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The Dirty Truth About Ballast Water Exchange

Posted by Nicole Schill on May 27, 2015 9:49:29 AM


The inadvertent transfer of harmful aquatic organisms in a vessel’s ballast water has been determined to have caused a significant adverse impact to many of the world’s coastal regions. Ballast water discharge typically contains a variety of biological materials, including plants, animals, viruses, and bacteria that can cause extensive ecological and economic damage to aquatic ecosystems.

The international maritime community, with the support of the International Maritime Organization (IMO) has developed several new regulations to help prevent the introduction of unwanted organisms. However, competent maritime authorities have a very limited capability to monitor vessel’s compliance to this rule. Without Satellite AIS data, authorities are often left with little to no information to link a probable culprit to the incident.

We've put together an infographic that illustrates the impacts of ballast water discharge and why it's so important to monitor vessels' compliance to ballast water exchange in the designated areas for marine environment protection.
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Topics: Ballast Water Exchange, ocean environment, marine environment

Fighting the Impacts of Global Shipping on our Oceans

Posted by Nicole Schill on Apr 22, 2015 9:20:00 AM

90% of world trade is carried across our oceans by over 150,000 ships.

Without ships the import and export of goods on the scale necessary for the modern world would not be possible. According to the International Chamber of Shipping there are over 50,000 merchant ships trading internationally, transporting every kind of cargo. The ebb and flow of goods in the world market mirrors the waves of the very waterways delivering them. But what does this increase in activity mean to the health of one of our greatest resources?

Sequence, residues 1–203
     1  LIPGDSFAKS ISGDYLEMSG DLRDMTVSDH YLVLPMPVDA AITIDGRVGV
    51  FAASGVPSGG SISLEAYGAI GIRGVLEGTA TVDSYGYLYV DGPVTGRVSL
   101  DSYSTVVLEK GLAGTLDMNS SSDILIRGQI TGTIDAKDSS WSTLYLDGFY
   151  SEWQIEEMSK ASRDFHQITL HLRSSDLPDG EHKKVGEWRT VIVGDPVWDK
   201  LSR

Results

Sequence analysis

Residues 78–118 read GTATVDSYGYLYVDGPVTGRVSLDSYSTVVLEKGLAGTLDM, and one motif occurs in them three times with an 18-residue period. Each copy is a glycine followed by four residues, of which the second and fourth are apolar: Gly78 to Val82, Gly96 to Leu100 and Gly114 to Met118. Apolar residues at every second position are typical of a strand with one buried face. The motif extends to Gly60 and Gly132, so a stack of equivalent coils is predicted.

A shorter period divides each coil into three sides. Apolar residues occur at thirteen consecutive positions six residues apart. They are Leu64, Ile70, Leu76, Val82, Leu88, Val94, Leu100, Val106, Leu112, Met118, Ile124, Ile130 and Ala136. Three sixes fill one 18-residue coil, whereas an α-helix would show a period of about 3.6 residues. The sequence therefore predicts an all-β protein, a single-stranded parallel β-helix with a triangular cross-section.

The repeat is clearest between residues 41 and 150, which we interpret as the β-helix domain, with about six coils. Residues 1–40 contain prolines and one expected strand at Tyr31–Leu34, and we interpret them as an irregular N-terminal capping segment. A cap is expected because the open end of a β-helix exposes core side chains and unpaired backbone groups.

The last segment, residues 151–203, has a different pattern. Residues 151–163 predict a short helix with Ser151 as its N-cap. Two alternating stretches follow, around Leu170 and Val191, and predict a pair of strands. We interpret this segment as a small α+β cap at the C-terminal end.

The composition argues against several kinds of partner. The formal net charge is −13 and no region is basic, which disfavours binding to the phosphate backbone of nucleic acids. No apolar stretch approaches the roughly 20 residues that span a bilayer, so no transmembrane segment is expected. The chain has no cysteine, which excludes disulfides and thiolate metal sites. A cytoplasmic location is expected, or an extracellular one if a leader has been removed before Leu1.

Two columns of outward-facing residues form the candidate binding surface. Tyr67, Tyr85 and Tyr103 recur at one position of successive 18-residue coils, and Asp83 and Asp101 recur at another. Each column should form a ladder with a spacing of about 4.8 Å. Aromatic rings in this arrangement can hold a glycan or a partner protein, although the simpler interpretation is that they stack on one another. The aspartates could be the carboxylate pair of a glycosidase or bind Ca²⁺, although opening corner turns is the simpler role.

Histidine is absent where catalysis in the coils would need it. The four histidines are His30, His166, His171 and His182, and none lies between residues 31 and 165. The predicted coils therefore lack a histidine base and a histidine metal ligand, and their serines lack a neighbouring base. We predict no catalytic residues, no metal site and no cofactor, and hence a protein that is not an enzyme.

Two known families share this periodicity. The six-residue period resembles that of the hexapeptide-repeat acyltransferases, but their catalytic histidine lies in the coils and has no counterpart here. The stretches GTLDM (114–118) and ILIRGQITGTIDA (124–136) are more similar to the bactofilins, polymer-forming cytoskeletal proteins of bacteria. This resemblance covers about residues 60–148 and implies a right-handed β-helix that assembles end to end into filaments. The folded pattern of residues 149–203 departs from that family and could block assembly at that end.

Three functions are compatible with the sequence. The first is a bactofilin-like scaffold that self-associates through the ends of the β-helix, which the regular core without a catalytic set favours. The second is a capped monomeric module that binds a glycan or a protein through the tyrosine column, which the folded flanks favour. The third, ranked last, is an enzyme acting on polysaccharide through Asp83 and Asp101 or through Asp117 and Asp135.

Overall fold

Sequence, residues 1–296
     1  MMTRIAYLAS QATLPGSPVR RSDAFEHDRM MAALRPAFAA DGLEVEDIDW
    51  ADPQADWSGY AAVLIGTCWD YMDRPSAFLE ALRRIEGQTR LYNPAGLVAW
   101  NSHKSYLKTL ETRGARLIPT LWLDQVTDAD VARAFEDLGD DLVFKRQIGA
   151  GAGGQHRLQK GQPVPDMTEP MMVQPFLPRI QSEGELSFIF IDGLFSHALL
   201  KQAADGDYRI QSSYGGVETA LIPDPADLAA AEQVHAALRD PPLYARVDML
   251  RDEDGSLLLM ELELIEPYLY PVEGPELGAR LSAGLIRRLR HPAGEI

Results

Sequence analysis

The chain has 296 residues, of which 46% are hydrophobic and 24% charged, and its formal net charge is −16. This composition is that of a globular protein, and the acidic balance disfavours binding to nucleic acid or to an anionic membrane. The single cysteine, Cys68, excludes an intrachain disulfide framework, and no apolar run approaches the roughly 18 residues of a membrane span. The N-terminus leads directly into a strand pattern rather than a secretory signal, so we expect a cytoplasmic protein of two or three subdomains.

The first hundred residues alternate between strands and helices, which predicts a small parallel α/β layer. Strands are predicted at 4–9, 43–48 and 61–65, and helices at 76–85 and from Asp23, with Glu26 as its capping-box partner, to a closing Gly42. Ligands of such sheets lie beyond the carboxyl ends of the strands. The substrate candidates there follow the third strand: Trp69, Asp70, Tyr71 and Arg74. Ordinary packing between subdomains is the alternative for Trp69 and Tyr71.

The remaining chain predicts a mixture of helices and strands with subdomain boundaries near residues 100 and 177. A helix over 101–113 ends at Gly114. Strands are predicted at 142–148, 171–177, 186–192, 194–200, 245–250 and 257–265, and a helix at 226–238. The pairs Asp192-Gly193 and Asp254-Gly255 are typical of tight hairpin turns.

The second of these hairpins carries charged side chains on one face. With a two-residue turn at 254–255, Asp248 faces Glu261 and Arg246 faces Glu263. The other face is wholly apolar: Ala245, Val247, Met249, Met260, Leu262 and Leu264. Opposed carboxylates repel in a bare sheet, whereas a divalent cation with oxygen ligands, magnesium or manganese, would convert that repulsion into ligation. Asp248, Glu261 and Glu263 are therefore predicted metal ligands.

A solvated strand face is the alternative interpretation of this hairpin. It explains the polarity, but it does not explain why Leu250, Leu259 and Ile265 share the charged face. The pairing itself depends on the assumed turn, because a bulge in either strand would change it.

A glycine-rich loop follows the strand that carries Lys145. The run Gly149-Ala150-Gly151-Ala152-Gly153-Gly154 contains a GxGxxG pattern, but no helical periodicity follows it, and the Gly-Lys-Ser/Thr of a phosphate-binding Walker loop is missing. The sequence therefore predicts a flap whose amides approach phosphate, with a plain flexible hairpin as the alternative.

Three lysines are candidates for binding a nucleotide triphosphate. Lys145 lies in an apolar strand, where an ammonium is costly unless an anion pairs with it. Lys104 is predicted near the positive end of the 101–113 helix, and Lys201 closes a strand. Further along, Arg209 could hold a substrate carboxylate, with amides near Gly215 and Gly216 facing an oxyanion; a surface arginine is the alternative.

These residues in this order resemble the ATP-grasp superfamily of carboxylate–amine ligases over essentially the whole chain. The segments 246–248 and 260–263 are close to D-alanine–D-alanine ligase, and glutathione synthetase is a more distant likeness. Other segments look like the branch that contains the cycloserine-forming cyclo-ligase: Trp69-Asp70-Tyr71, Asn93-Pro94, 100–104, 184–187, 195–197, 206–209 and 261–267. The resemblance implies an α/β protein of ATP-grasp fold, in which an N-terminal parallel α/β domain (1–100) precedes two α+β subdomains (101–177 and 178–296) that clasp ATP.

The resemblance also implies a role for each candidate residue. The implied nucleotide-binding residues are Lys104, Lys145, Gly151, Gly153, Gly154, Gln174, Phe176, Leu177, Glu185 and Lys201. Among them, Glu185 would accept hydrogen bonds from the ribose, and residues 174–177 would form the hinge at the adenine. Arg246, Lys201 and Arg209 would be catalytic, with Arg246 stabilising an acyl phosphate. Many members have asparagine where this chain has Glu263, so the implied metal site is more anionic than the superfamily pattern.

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Topics: Ballast Water Exchange, Environmental Protection, Marine Protected Areas, Mapping Oceans, Ship Tracking, Ocean, Vessel Monitoring, shipping data, Ship Monitoring, preserving oceans, ocean environment, protecting oceans, marine environment, ocean protection

What Role can Satellite AIS Play in Ballast Water Exchange?

Posted by Peggy Browning on Nov 23, 2011 3:00:00 PM

The inadvertent transfer of harmful aquatic organisms in a vessel’s ballast water has been determined to have caused a significant adverse impact to many of the world’s coastal regions. The international maritime community, with the support of the International Maritime Organization (IMO) has developed several new regulations to help prevent the introduction of unwanted organisms. These new regulations state that vessels are required to exchange their ballast in the open ocean (1000m deep). However this rule may result in vessels burning extra fuel and time if the transit area does not normally require open ocean passage such as from the US East Coast into the Great lakes. Competent maritime authorities currently have a very limited capability to monitor vessel’s compliance to this rule.

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Topics: Satellite AIS, Ballast Water Exchange, Illegal Reporting

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